When was the last time you heard someone sing who made you cry? Was it on a recording? Was it live? Was it amplified?
Voices filled with emotion are very potent. They should be able to move anyone who is open to that. (Of course, many people are not). Music is also supposed to be able to carry emotion but a lot of music doesn’t do that and some composers wouldn’t want it to. They make sure of that by writing it to be very dry.
In training singers to make certain kinds of sounds it is possible to loose track of the emotions that might be connected to those sounds, and that is a terrible loss. I remember well a performance of “Tosca” on PBS in which the Tosca was singing “Mario! Mario!” while looking for him. The sound she made was so awful, so ugly and frightening and hideously loud, that if I had been Mario, I would have hidden behind a pew in the church! I heard a tomb scene at the end of “Aida”, with some of the most beautiful music you could ever want to hear, sound like a recitation of the alphabet. There wasn’t even the smallest attempt of either vocalist to sound like they were about to die or even that they might be late for dinner.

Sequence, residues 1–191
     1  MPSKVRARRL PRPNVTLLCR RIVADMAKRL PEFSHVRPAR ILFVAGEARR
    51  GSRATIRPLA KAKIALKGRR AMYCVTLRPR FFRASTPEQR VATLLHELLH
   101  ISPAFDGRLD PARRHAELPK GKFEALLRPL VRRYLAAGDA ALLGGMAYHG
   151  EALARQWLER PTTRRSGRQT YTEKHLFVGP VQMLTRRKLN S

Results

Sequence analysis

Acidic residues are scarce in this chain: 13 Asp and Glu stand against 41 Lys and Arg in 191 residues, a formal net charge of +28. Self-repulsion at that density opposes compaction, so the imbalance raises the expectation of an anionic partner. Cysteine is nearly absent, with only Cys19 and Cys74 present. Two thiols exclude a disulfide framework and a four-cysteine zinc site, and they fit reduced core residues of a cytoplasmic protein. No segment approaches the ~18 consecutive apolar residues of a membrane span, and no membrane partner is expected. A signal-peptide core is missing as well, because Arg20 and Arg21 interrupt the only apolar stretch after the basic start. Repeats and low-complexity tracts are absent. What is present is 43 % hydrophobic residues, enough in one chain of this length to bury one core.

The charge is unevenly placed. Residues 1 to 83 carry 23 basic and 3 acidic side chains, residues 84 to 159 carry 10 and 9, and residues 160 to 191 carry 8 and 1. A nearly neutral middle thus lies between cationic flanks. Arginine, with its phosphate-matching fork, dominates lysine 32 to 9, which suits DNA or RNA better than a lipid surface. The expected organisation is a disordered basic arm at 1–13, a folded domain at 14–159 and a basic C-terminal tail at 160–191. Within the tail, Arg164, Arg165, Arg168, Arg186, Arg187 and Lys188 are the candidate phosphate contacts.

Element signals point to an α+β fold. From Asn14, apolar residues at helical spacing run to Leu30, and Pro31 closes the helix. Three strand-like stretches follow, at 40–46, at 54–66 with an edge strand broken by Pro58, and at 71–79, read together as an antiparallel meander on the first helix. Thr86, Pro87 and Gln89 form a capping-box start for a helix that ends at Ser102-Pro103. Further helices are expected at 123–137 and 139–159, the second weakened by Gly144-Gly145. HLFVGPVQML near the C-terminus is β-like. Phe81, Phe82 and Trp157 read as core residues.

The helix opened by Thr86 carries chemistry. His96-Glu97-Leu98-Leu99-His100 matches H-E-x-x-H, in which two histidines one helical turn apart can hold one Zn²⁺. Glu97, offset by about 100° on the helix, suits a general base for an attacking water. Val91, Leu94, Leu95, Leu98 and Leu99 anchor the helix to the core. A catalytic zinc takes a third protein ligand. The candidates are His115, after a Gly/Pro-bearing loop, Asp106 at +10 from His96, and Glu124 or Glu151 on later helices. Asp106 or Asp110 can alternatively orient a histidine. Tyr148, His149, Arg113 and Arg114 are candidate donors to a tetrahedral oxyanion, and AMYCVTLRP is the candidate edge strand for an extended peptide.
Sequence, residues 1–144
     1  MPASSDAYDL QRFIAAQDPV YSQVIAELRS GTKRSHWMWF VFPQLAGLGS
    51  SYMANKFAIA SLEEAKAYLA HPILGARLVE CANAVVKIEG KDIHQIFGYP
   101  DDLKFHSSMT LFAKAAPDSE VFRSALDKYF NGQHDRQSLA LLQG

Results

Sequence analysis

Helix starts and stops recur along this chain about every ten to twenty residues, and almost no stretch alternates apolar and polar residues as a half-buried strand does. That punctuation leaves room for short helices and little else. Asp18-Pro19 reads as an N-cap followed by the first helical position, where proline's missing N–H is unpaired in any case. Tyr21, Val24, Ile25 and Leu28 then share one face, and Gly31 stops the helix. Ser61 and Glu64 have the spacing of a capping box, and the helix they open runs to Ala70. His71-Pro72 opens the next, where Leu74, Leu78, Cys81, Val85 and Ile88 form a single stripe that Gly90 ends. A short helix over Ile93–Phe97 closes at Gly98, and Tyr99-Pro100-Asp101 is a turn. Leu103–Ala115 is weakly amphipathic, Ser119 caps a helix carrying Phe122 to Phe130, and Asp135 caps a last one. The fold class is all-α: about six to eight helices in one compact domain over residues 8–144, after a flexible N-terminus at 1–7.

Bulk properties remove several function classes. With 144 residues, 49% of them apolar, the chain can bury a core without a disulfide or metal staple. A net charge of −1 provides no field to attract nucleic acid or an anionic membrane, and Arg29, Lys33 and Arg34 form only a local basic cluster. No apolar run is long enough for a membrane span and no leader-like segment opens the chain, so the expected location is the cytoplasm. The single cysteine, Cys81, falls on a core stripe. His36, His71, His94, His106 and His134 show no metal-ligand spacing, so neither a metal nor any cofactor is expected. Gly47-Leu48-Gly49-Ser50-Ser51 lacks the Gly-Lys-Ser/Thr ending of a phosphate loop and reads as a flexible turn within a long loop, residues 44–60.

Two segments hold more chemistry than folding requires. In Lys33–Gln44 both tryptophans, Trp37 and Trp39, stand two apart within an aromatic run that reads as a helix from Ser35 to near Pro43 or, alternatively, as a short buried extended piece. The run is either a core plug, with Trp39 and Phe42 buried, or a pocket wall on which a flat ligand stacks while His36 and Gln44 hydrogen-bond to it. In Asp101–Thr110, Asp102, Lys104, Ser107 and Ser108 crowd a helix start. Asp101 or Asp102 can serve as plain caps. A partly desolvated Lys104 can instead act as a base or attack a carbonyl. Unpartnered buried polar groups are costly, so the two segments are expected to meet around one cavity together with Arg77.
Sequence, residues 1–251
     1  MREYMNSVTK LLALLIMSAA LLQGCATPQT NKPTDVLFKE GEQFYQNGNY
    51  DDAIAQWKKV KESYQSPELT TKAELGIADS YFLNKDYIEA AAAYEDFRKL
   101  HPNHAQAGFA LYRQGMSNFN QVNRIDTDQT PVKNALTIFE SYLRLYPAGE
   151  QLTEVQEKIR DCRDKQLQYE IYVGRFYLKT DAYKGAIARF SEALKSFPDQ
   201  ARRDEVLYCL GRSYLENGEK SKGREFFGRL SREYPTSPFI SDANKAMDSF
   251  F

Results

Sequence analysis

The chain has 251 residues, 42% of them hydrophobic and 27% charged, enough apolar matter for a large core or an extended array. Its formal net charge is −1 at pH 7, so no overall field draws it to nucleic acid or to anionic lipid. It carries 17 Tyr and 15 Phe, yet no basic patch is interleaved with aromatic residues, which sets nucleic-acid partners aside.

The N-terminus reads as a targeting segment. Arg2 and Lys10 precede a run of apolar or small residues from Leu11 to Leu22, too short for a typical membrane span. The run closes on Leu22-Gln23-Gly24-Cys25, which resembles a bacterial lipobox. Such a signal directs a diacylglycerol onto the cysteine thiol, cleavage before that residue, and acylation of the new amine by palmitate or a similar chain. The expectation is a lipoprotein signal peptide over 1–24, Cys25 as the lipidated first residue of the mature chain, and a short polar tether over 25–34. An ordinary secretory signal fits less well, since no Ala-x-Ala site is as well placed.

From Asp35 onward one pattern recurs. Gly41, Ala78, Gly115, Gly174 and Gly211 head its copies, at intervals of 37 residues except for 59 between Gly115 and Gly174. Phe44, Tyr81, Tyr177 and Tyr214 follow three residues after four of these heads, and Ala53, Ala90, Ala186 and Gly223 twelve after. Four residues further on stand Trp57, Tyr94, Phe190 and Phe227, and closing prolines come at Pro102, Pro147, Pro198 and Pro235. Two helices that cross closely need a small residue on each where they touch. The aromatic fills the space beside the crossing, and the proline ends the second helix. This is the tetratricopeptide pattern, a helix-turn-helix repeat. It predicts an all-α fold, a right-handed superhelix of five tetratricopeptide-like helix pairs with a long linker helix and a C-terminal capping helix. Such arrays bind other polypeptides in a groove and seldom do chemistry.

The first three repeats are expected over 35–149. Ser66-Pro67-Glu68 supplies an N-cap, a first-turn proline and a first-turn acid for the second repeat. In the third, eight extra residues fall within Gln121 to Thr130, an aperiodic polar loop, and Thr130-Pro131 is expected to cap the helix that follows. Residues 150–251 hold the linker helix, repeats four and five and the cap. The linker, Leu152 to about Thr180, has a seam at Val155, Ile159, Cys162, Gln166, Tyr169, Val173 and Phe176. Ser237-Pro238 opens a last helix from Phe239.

I am at a loss as to what to do about any of this. It has always been so that some people sing with greater emotional expressivity than others but it seems to me through my own person experience that this is less likely to be the case now than ever before in the past. So much is done to voices in recordings and so much is written that discounts emotion that finding someone who actually feels a genuine emotion and is singing music that allows for emotional expression is a rare event.
If you sing, make an effort to connect to your own emotions when you perform. Find a way to make every song a personal communication about something that is meaningful to you. Don’t let anyone talk you into singing something that is disconnected from your ability to communicate authentically. It’s never worth it and it won’t help your career to let go of what you have to say that only you can.